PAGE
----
which implies that

$$ \Vert u_{n} \Vert _{\lambda_{n}}\geq \biggl[ \frac{\frac{\mu_{0}-1}{\mu_{0}}- \varepsilon ( \frac{1}{\lambda b} + \vert \{V^{+}(x)< b\} \vert ^{\frac{2_{ \ast }-2}{2_{\ast }}}\bar{S}^{-2}C_{E}^{2} ) }{C(\varepsilon ) ( \frac{1}{\lambda b} + \vert \{V^{+}(x)< b\} \vert ^{\frac{2_{\ast }-2}{2_{ \ast }}}\bar{S}^{-2}C_{E}^{2} ) ^{\frac{2_{\ast }-p}{2_{\ast }-2}} ( \bar{S}^{-2_{\ast }}C_{E}^{2_{\ast }} ) ^{\frac{p-2}{2_{ \ast }-2}}} \biggr] ^{\frac{1}{p-2}}>0. $$
(4.5)

Moreover, it follows from \(\langle I'_{\lambda_{n}}(u_{n}),u_{n} \rangle =0\) that

$$ \int_{\mathbb{R}^{N}}f(x,u_{n})u_{n}\,dx= \int_{\mathbb{R}^{N}}\bigl[ \vert \Delta u_{n} \vert ^{2}+ \vert \nabla u_{n} \vert ^{2}+V_{\lambda_{n}}(x)u_{n}^{2} \bigr]\,dx \geq \frac{ \mu_{0}-1}{\mu_{0}} \Vert u_{n} \Vert _{\lambda_{n}}^{2}. $$
(4.6)

Then, a direct calculation from (4.4), (4.5), and (4.6) shows that

$$\begin{aligned} \int_{\mathbb{R}^{N}} f(x,u_{0})u_{0}\,dx&\geq \frac{\mu_{0}-1}{\mu_{0}} \biggl[ \frac{\frac{\mu_{0}-1}{\mu_{0}}-\varepsilon ( \frac{1}{ \lambda b} + \vert \{V^{+}(x)< b\} \vert ^{\frac{2_{\ast }-2}{2_{\ast }}}\bar{S} ^{-2}C_{E}^{2} ) }{C(\varepsilon ) ( \frac{1}{\lambda b} + \vert \{V ^{+}(x)< b\} \vert ^{\frac{2_{\ast }-2}{2_{\ast }}}\bar{S}^{-2}C_{E}^{2} ) ^{\frac{2_{\ast }-p}{2_{\ast }-2}} ( \bar{S}^{-2_{\ast }}C_{E} ^{2_{\ast }} ) ^{\frac{p-2}{2_{\ast }-2}}} \biggr] ^{\frac{2}{p-2}}\\&>0, \end{aligned}$$

which means that \(u_{0}\neq 0\).

In what follows, we shall show that \(u_{n}\rightarrow u_{0}\) in E. Since \(\langle I'_{\lambda_{n}}(u_{n}),u_{n}\rangle =\langle I'_{ \lambda_{n}}(u_{n}),u_{0}\rangle =0\), we have

$$ \Vert u_{n} \Vert _{\lambda_{n}}^{2}- \int_{\mathbb{R}^{N}}V^{-}(x)u_{n}^{2}\,dx= \int_{\mathbb{R}^{N}}f(x,u_{n})u_{n}\,dx $$
(4.7)

and

$$ \langle u_{n},u_{0}\rangle_{\lambda_{n}}- \int_{\mathbb{R}^{N}}V^{-}(x)u _{n} u_{0} \,dx= \int_{\mathbb{R}^{N}}f(x,u_{n})u_{0}\,dx. $$
(4.8)

Similar to the proof of (3.10), we have

$$\begin{aligned} \int_{\mathbb{R}^{N}}V^{-}(x) \bigl(u_{n}^{2}-u_{n}u_{0} \bigr)\,dx \leq & \biggl\vert \int _{\mathbb{R}^{N}}V^{-}(x) \bigl(u_{n}^{2}-u_{n}u_{0} \bigr)\,dx \biggr\vert \\ =& \biggl\vert \int_{\operatorname {supp}V^{-}}V^{-}(x)u_{n}(u_{n}-u_{0}) \,dx \biggr\vert \\ \leq & \bigl\Vert V^{-} \bigr\Vert _{\infty } \biggl( \int_{\operatorname {supp}V^{-}} \vert u_{n}-u_{0} \vert ^{2}\,dx \biggr) ^{\frac{1}{2}} \biggl( \int_{\mathbb{R}^{N}} \vert u_{n} \vert ^{2} \biggr) ^{ \frac{1}{2}} \\ \rightarrow &0, \end{aligned}$$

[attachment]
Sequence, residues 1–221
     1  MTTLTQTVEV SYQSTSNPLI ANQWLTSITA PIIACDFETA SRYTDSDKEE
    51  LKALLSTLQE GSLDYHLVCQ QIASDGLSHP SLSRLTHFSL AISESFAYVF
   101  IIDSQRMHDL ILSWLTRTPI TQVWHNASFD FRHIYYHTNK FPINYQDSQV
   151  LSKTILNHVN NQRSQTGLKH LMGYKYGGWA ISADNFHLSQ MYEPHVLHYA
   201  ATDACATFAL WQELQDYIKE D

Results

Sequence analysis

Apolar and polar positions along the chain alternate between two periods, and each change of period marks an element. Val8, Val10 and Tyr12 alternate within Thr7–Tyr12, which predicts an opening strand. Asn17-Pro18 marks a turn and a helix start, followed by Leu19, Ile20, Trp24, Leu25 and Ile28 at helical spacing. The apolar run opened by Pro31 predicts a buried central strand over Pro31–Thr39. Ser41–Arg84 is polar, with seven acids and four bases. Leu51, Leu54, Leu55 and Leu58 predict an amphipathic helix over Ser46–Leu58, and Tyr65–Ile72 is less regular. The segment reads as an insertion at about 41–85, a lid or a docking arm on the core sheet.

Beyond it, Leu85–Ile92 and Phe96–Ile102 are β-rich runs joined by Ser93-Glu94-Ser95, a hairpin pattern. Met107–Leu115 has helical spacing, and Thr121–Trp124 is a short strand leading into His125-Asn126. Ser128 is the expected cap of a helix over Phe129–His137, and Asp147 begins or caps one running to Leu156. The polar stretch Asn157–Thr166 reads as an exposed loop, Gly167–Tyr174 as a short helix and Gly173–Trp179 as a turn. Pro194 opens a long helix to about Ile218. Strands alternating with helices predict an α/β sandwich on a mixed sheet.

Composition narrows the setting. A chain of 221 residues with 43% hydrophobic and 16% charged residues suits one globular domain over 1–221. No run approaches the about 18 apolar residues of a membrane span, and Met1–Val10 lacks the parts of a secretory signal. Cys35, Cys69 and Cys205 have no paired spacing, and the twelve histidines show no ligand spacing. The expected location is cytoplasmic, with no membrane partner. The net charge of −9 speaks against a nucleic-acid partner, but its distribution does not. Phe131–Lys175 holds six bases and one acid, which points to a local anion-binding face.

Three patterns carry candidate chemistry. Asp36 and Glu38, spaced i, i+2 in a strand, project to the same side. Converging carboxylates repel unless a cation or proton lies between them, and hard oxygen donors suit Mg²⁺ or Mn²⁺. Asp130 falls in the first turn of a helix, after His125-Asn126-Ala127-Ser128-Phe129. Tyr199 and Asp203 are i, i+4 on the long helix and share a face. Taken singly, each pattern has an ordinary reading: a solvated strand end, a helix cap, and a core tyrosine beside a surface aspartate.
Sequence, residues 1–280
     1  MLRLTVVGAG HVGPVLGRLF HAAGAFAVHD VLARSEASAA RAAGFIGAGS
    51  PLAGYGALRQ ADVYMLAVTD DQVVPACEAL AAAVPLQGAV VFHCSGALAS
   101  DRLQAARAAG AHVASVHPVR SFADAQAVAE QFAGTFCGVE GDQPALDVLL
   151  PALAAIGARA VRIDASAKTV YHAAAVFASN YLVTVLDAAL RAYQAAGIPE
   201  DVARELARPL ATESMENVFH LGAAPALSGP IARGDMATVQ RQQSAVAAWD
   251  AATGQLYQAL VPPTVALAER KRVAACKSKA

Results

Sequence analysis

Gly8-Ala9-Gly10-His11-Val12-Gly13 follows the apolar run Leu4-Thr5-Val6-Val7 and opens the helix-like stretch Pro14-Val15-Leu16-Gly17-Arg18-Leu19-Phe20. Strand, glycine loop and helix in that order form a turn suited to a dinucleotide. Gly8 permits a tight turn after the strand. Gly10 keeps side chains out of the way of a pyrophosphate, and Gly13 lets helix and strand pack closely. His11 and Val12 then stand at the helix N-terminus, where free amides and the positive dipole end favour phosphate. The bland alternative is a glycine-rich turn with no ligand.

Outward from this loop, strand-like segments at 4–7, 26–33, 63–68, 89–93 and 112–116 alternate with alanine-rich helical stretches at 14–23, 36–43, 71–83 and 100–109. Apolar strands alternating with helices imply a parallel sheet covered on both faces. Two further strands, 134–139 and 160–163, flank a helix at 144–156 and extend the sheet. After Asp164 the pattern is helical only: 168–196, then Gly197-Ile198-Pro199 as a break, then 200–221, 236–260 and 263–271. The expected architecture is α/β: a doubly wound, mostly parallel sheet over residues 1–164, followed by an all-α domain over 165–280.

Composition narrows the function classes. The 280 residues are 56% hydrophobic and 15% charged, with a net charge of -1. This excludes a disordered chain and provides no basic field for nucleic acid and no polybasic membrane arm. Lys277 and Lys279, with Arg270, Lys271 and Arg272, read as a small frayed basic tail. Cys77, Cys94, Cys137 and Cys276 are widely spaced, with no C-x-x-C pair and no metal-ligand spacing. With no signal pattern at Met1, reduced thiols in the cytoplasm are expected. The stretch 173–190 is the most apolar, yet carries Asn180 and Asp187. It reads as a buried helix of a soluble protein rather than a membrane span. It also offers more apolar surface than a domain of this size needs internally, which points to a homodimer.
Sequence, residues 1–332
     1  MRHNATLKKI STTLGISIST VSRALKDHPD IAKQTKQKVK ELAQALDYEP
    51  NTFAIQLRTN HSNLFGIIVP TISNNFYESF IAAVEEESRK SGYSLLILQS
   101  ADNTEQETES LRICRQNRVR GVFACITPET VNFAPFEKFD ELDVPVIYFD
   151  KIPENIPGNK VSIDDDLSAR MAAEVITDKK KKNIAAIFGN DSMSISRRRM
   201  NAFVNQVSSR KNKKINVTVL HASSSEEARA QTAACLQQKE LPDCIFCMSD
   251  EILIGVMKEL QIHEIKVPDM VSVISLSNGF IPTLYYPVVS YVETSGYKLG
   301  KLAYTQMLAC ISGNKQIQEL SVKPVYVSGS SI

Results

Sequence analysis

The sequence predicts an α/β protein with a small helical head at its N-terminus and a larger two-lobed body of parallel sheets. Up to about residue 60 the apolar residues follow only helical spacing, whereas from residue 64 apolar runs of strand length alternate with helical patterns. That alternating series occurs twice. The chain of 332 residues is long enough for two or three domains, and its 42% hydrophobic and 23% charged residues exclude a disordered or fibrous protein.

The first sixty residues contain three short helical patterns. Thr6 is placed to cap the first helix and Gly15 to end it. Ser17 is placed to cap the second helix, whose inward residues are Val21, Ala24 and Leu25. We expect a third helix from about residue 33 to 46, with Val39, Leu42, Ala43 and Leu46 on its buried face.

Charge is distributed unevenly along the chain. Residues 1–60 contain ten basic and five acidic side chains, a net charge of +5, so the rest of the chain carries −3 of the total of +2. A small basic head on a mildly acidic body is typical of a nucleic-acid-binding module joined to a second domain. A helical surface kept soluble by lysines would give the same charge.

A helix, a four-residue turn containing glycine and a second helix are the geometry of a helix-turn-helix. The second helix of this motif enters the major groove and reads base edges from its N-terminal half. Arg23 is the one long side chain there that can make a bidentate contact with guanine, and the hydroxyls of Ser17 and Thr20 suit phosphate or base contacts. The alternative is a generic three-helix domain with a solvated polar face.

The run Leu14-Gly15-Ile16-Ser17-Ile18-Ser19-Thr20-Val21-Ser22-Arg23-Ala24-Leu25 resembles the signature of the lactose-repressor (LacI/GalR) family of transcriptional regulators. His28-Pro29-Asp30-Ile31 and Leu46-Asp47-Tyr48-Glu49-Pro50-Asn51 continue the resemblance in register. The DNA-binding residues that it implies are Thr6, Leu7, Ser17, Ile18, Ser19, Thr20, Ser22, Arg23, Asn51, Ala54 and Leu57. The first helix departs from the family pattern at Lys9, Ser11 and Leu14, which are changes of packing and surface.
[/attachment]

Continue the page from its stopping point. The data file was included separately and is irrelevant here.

(4.9)

since \(u_{n}\rightarrow u_{0}\) in \(L_{\mathrm {loc}}^{2}(\mathbb{R}^{N})\) and \(\{u_{n}\}\) is bounded in \(L^{2}(\mathbb{R}^{N})\). Moreover, combining (4.4) with (4.7)–(4.9) shows that

$$ \lim_{n\rightarrow \infty } \Vert u_{n} \Vert _{\lambda_{n}}^{2}= \lim_{n\rightarrow \infty }\langle u_{n},u_{0}\rangle_{\lambda_{n}} = \lim _{n\rightarrow \infty }\langle u_{n},u_{0}\rangle = \Vert u_{0} \Vert ^{2}. $$

On the other hand, weak lower semi-continuity of norm implies that

$$ \lim_{n\rightarrow \infty } \Vert u_{n} \Vert _{\lambda_{n}}^{2}\geq \liminf_{n\rightarrow \infty } \Vert u_{n} \Vert ^{2}\geq \Vert u_{0} \Vert ^{2}. $$

Thus, \(u_{n}\rightarrow u_{0}\) in E as \(n\rightarrow \infty \). Therefore, \(u_{0}\) is a nontrivial solution of problem (1.2). We complete the proof. □

Conclusions

A class of biharmonic equations with sign-changing potentials and an indefinite nonlinearity is studied in the present paper. Under some suitable conditions, the existence of nontrivial solutions and the high energy solutions are obtained by using variational methods. Moreover, the phenomenon of concentration of solutions is explored. The results extend the main conclusions in recent literature.

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Acknowledgements

The authors wish to thank the reviewers and the handling editor for their comments and suggestions, which led to a great improvement in the presentation of this work.

Funding

This work is partially supported by the Scientific Research Fund of Hunan Provincial Education Department (No. 17C1362 and No. 17C1364) and the Doctoral Funds of SCU (No. 2016XQD40 and No. 2016XQD42), and the Hunan Natural Science Fund Youth Fund Project (No. 2018JJ3419).

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Xiao, Q., Liu, H. & Ouyang, Z. Existence and concentration of a nonlinear biharmonic equation with sign-changing potentials and indefinite nonlinearity. Adv Differ Equ 2018, 384 (2018). https://doi.org/10.1186/s13662-018-1782-9

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MSC

  • 35J20
  • 35J60

Keywords

  • Biharmonic equation
  • Variational methods
  • High energy solutions
  • Concentration of solutions